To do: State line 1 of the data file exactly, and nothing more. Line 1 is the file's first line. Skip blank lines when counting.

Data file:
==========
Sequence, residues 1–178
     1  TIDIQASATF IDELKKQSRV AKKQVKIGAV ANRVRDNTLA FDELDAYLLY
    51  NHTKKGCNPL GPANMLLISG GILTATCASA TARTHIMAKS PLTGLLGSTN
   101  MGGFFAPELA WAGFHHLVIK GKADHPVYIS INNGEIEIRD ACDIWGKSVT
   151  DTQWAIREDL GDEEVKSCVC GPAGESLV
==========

Sequence, residues 1–178